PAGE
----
FN has learned that several minority employees at Adidas are planning to stage a protest after the brand this week orchestrated several high-profile moments aimed at lending its voice and platform to the fight against racial injustice in America.
In response to public actions taken by Adidas — including an anti-racism post on its own Instagram page as well as a historic retweet of longtime rival Nike’s video calling for an end to racial injustice — some employees at the brand’s North America headquarters in Portland, Ore. say they plan to protest on Friday a purported discrepancy between the brand’s external messaging and its internal actions.
“My existence at this brand is praised as diversity and inclusion, but when I look around, I see no one above or around that looks like me,” wrote Julia Bond, an assistant designer for Adidas Originals apparel, in a note she said she sent to Adidas’ North American leadership on Wednesday. “I can no longer stand for Adidas’ consistent complacency in taking active steps against a racist work environment. This is not business as usual.”
In the memo, obtained by FN, Bond goes on to describe “a permeating fear of retaliation” among black people at the brand’s North America offices, adding that “in response to this fear, black people shrink themselves, their experiences, and their voices.”
“The systems in place that are killing black people are the same systems of oppression that are present at Adidas,” Bond writes, telling FN separately that she did not want to speak out anonymously because she is concerned it would diminish the critical nature of what she had to say.
The note continues, “Adidas has shown that there is a high tolerance for racism, even though publicly, they admonish it. How many times have I gone into HR about a racist incident — only to be met with responses about the inflictors intent versus their impact-thus negating my experience?”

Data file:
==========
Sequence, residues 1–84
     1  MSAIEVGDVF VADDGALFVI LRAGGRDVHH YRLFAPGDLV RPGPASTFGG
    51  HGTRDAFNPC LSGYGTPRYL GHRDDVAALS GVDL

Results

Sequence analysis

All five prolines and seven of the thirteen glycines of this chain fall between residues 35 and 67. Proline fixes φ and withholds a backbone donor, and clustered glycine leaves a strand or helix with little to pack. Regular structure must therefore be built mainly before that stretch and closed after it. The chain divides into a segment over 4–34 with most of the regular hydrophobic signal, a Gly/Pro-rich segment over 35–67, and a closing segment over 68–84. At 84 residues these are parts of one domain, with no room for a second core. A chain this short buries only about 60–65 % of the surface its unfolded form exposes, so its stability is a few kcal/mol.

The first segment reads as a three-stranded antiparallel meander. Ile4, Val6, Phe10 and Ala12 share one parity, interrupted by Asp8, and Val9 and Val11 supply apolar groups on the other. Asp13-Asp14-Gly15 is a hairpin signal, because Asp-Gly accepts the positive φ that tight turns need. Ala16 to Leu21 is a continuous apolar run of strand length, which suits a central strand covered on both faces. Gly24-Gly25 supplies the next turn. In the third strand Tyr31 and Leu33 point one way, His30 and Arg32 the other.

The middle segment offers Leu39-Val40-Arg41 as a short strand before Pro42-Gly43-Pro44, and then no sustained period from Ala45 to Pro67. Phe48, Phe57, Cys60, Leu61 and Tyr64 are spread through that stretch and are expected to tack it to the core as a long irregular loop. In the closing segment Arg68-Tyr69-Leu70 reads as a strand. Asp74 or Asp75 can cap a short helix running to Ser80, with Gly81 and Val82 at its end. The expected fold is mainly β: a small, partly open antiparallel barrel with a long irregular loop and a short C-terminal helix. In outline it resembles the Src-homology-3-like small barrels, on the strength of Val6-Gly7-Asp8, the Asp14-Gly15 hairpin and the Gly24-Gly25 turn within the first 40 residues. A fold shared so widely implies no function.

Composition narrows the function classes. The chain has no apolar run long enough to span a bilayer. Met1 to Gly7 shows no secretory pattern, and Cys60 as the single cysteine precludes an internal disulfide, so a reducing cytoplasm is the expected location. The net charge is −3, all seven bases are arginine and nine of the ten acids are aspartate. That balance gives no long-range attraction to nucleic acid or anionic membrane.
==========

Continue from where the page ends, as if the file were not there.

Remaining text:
Bond is requesting that Adidas issue a public apology “for the racism and discrimination that they have openly enabled and perpetuated” and said that she and several colleagues plan to protest on Friday as well as every day after until the apology is issued.
The internal backlash Adidas is experiencing is in tandem with an uptick in consumers and key fashion insiders taking to social media to call out people and brands who are taking to social media to join the anti-racism fray amid the killing of George Floyd, an unarmed black man killed by a white Minneapolis police officer.
However, Bond’s note is the latest in a series of diversity challenges that have impacted Adidas over the past two years. In an FN exclusive report in November 2018, multiple sources — identifying as racial and ethnic minorities — said that leaders at the German athletic brand’s Portland, Ore.-headquarters had failed to promote and treat people of color fairly.
“North America senior leaders foster, encourage and reward an exclusive all-white environment made up of the same individuals that are consistently promoted and spotlighted,” said one employee at the time, who accused leaders of the brand of withholding opportunities from African-Americans, Asians, Hispanics and other minorities while unjustly promoting their white counterparts. “They ostracize people of color and cultivate a high school ‘clique’ environment.”
Since then, similar accusations against the brand have surfaced from members of the LGBTQ community who described instances of alleged discrimination on the part of the company.
Adidas told FN in June 2019 that is was making progress on certain diversity and inclusion issues and that it recently expanded its Diversity and Inclusion team in North America to “focus on underrepresented communities in our workforce across the talent lifecycle.” It also said at the time that it conducts “ongoing workplace inclusion education and training for employees across North America.”
FN has reached out to Adidas for comment.